‘Uncertainty and anxiety’: PSAC strike impacts citizenship oaths, visa renewals and planned trips
Many who need to renew their passports and visas or even take their citizenship oaths have been waiting in limbo amid a 10-day strike by members of the Public Service Alliance of Canada.
On Friday, Prime Minister Justin Trudeau claimed the government had made “serious offers” at the bargaining table, including a new offer brought to the table that day, but by Friday afternoon the strike continued.
Amaya Hernandez Villavicencio, a student from Mexico, said her application for a student permit had already been delayed a year during the pandemic, which prevented her from starting her studies in Canada on time.
“Now I find myself once again faced with a new upcoming delay in the renewal of [my] student permit,” Villavicencio told CTVNews.ca in an email. The student had planned to go back to Mexico for a medical procedure in the summer, she said, because her health care in Canada did not cover it, but now she’s not sure that she’ll be able to because she must stay in Canada until her student permit is renewed.
“I’m here because this is a great country,” Villavicencio said, “… but it’s discouraging to be unable to see my family again for who knows how long, and not being able to access affordable health care.”
Villavicencio is one of more than 20 people who emailed CTV News about how they’ve been impacted by the PSAC strike.
Arezoo, who asked not to share her full name, said her upcoming citizenship oath is scheduled for next week, but she’s not sure whether it will be postponed.
“I have been studying, working and living in Canada for the past six years and I was finally about to take my citizenship oath next week,” Arezoo told CTV News, “but this strike has left me with nothing but uncertainty and anxiety. I check the news every hour hoping to hear that they have reached a fair deal and everything can go back to normal.”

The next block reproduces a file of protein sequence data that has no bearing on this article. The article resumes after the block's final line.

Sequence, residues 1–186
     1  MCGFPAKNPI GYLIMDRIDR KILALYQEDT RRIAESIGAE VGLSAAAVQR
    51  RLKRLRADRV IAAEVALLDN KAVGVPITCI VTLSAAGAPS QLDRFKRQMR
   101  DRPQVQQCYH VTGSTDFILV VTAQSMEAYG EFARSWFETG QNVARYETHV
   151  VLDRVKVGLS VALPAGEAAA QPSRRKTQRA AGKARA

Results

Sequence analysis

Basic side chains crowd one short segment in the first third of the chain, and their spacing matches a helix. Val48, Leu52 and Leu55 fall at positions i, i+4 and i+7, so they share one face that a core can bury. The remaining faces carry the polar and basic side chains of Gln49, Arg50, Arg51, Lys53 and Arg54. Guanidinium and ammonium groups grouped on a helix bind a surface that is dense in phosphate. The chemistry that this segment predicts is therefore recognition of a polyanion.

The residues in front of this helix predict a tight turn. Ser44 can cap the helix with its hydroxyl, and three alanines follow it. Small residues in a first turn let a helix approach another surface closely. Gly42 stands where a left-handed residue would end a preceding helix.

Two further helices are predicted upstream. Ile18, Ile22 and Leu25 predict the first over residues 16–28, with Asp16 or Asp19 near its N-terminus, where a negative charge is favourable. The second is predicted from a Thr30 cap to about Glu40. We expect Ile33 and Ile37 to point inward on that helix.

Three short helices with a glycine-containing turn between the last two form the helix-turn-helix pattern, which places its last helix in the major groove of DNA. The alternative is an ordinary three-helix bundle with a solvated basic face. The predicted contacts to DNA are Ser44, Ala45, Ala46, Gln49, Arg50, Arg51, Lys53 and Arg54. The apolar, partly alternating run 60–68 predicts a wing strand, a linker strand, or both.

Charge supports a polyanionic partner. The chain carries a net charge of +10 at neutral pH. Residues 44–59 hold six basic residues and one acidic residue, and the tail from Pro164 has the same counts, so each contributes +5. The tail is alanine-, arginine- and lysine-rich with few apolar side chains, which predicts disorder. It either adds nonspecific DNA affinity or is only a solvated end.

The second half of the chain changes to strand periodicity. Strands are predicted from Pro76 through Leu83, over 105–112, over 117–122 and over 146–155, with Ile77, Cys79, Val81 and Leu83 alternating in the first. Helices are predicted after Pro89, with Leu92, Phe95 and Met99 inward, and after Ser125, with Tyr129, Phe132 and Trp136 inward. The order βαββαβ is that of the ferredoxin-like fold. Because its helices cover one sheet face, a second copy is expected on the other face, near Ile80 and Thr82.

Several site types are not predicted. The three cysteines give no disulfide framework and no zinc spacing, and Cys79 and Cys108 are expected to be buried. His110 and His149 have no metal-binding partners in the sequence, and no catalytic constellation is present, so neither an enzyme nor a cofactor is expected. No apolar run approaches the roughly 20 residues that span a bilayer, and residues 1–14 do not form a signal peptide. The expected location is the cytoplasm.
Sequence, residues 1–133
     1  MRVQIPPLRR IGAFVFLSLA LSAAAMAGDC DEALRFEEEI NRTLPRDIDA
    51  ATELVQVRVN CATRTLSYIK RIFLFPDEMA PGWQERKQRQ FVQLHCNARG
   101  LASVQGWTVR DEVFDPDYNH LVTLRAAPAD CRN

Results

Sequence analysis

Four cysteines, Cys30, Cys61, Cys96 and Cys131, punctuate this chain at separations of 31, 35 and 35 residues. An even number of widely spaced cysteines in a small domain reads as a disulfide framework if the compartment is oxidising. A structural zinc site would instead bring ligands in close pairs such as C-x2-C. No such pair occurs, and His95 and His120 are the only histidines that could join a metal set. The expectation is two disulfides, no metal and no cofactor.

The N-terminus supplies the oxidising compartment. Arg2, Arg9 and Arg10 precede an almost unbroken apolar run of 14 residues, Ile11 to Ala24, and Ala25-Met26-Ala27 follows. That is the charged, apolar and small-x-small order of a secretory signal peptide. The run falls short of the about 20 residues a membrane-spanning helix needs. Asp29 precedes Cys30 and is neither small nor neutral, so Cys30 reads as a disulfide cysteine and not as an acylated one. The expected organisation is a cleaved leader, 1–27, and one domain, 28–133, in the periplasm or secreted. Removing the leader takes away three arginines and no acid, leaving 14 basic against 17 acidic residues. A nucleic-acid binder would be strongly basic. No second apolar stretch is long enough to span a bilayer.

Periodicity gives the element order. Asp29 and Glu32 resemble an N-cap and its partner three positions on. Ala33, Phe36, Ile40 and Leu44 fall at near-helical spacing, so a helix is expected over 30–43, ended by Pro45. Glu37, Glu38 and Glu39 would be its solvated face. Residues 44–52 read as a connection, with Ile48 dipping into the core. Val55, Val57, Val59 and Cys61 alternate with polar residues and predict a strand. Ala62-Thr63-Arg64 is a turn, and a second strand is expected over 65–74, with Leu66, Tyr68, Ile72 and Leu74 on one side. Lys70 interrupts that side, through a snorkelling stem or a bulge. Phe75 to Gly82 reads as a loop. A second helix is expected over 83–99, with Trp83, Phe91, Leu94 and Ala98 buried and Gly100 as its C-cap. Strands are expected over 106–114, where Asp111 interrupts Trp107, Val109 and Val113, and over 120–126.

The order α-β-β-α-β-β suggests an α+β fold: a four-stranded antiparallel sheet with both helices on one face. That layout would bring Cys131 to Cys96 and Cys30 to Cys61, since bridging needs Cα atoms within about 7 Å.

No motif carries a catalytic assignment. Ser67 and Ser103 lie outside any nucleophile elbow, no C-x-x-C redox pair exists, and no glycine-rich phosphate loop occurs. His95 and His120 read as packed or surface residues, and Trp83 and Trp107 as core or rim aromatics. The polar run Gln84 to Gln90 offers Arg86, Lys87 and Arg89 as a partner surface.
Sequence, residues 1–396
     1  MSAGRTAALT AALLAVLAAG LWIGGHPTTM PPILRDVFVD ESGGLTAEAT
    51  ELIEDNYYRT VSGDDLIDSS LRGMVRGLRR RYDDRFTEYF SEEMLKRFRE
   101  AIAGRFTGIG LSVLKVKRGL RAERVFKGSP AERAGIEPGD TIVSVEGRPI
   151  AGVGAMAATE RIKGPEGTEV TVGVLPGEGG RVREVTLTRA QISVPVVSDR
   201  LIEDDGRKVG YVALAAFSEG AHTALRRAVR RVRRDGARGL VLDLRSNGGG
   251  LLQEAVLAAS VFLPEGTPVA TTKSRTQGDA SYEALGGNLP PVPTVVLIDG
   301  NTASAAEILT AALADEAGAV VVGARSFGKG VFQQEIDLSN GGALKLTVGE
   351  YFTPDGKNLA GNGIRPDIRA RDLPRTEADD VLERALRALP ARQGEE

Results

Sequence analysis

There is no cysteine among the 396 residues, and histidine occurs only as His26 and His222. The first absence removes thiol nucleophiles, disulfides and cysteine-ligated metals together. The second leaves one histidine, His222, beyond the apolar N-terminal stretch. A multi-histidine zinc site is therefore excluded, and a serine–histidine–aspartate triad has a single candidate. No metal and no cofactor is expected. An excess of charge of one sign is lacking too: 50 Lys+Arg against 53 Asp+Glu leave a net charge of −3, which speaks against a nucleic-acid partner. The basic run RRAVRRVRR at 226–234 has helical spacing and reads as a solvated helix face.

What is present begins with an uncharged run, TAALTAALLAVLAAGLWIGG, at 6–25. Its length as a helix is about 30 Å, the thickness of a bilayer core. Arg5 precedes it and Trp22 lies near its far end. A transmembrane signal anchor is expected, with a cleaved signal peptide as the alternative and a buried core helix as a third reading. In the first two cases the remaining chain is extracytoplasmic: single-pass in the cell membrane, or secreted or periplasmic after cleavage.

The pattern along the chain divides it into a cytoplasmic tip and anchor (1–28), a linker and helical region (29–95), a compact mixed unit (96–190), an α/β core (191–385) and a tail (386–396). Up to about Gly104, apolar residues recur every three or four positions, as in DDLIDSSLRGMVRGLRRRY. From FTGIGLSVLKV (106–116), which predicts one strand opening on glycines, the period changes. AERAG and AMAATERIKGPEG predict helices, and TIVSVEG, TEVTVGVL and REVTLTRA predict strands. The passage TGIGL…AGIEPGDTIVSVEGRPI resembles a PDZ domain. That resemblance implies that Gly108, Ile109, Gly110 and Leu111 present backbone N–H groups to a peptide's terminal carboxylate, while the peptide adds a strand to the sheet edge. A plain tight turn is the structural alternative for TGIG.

Arezoo said she was planning on visiting her brother in the U.S. next month, but if she isn’t able to take her oath next week she’s not sure if she will be able to enter the country. “I hope this strike comes to a fair end for all Canadians.”
Jonas, an Edmonton resident who only provided his first name, told CTV News that he and his family moved to Canada eight years ago from Colombia.
“My girlfriend, the children [and I] live paycheque to paycheque,” he said in an email. He said his “very disabled daughter” is turning 15 in May and the family had planned to go to Mexico to celebrate her quinceanera, “which is kind of a big deal if you’re Spanish.”
Jonas said he and his girlfriend saved up for years to afford this trip, but earlier this month they realized their daughter’s passport had expired.
“So we went to the passport office to renew it. Three days later, the strike happened. Now we are going to lose $8,000 [that] we saved and invested [for] her quinceanera.”
On Friday morning PSAC tweeted, “Thanks to inflation rising by 11% since 2021, federal public service workers’ wages are worth the same as they were in 2007. No other industry—none—has seen average inflation adjusted wages pushed back as far as federal public sector workers.”
Approximately 155,000 government workers have been on strike since last week.